Condensation and fog can be real pane in the glass
If you can’t see clearly from your windows, it may not be your eyesight.
It could be the glass. Not your eyeglasses, but the actual window pane itself. Or if you notice the windows are unable to keep heat or cold out of your home the way it once did, it may be time to consider repairing or replacing them.
And a one and a two and three!
To determine your replacement needs, first, it’s important to understand the difference between single, double, and triple-pane windows. Adam Homer, Business Development Manager with Pella Windows and Doors Mountain West, a Rosie-Certified Partner explains.
Single pane windows are made with one layer of glass. They come in different styles and materials. Some include an additional removable pane of glass referred to as a “storm window.”
Because there are no additional panes of glass, single pane windows do not offer as much as double or triple pane windows by way of insulation and may not effective at keeping out noise.
Windows with two or three panes of glass are also called thermal windows, thermopanes or insulated windows. Because of the space between the panes, this window assembly is known as an insulated glazing unit or insulated glass unit (IGU).
The space between the glass panes of an IGU is emptied of air through vacuum suction, and it is often filled with argon or krypton gas, to slow the passage of heat through the window unit. These inert gasses are less heat conductive than air or a vacuumed space.
The edges of the glass panes in double- or triple-pane IGU windows are embedded with two seals working together. These seals are meant to be long-lasting and hold up for decades, but they can and do fail.
Improper window installation, painters using heat guns to strip paint, or homeowners using pressure washers to clean the windows are common causes of failure.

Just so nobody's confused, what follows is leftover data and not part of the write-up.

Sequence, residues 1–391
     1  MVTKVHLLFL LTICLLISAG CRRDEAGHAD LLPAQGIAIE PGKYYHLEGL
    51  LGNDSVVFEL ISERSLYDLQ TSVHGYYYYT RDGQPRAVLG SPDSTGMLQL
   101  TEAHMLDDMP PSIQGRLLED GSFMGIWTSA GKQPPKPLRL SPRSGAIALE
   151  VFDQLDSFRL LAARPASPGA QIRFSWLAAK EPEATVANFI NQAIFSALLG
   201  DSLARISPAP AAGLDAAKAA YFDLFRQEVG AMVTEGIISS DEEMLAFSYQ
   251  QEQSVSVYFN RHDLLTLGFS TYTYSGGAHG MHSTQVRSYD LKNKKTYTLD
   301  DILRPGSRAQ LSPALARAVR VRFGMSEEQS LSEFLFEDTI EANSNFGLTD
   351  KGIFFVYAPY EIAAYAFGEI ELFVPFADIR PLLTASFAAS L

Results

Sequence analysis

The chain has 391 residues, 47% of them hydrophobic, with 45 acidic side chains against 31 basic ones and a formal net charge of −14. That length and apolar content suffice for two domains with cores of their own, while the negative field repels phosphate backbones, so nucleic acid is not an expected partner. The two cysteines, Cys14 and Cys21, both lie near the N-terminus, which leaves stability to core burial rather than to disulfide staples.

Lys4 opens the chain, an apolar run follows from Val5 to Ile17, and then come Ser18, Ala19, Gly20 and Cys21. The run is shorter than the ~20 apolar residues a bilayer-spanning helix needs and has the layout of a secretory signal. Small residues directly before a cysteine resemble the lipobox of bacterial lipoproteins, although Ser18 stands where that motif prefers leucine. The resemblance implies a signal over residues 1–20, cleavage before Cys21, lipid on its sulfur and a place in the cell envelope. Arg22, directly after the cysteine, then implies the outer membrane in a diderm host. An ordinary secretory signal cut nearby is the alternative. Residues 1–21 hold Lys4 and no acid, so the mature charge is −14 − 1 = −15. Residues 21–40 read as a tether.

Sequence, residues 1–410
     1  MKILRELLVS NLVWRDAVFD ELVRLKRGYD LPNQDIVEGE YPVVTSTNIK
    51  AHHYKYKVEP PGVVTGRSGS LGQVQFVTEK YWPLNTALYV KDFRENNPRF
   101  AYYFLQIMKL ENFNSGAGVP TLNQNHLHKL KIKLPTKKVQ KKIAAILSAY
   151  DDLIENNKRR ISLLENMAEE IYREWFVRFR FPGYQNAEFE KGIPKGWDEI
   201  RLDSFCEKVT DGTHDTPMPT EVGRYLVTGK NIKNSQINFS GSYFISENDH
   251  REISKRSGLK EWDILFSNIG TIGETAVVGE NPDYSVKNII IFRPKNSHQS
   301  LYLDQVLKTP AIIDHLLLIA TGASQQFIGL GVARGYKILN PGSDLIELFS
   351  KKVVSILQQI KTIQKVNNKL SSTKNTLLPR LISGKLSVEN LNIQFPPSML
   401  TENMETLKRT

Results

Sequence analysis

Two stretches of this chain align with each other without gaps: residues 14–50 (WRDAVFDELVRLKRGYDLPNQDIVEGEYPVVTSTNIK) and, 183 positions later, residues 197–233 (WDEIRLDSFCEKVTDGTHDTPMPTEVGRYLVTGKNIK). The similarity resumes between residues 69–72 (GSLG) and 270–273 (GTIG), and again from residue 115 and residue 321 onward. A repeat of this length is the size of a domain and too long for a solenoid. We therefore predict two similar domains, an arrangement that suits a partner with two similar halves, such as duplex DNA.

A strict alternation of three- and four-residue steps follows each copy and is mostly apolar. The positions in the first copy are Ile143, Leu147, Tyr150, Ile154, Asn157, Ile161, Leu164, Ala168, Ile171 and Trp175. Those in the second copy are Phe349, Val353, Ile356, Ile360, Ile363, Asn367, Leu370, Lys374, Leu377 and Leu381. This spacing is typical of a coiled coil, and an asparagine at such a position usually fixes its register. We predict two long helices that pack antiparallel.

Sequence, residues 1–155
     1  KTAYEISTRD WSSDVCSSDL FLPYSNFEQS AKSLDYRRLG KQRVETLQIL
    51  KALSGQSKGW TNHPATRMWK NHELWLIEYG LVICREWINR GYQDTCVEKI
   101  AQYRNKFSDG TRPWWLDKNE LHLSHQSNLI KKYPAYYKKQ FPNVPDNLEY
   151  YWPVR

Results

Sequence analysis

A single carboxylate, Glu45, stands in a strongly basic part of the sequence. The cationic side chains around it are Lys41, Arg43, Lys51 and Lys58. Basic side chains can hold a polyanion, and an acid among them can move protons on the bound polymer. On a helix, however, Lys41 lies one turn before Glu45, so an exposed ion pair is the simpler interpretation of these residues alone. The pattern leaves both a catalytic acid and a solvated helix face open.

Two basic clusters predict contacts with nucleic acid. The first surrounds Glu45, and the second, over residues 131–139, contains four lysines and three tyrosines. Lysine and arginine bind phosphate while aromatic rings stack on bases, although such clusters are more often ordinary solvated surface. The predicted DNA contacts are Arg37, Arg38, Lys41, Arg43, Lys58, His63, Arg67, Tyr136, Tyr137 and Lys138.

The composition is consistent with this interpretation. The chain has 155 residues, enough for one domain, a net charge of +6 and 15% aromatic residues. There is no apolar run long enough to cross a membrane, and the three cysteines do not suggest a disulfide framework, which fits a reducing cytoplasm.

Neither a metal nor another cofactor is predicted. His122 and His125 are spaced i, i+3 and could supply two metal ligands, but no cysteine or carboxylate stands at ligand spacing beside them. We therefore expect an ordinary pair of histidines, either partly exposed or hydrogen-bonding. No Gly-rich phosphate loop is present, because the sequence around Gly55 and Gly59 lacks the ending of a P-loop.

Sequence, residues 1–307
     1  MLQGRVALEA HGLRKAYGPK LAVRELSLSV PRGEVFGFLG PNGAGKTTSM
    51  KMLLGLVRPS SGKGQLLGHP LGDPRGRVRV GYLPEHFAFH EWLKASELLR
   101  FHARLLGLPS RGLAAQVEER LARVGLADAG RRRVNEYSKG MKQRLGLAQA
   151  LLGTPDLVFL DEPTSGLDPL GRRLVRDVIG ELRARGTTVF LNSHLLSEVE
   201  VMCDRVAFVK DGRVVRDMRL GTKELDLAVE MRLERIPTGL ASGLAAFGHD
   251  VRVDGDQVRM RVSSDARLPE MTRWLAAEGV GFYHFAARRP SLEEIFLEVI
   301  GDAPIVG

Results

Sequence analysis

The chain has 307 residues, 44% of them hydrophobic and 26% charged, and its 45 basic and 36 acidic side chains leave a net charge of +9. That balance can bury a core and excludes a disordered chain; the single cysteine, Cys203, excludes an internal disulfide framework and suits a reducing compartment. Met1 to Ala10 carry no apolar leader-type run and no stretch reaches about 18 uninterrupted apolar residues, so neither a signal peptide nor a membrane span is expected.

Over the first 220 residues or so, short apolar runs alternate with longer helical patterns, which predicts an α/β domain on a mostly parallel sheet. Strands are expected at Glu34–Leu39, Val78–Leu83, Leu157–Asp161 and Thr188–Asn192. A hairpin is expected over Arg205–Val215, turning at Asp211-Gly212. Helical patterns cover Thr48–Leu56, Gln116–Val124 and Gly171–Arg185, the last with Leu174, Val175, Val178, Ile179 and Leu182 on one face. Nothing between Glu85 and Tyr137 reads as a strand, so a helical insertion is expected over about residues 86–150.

If the seals that protect the edges of the IGU break, then the inert gases can escape and ambient air and moisture can enter the space between the panes, thus losing its extra insulating value.
That is when you will see the fogginess or condensation inside the glass. Not only does it look unpleasant, but more importantly, the energy-saving value of the window also goes well . . . out the window.
The more layers of glass the more layers of protection between the weather and your home.
Whether you should replace your single-pane windows comes down to the specifics of your home, including your average climate, amount of outside noise, the amount of money you normally pay for heating, your home’s age, and a few other factors. These factors may help you decide which are most important to you.
Selecting new windows
Double-pane windows can help lower energy costs. For a typical home, replacing single-pane windows with ENERGY STAR-certified windows can save on average $101-$583 per year.
Whether heating or cooling is your concern, the extra insulation helps control your home’s internal climate and puts less strain on your air systems.
Look for a window with more than a half-inch of air space between the two panes of glass because that air space is where you get much of your insulation value.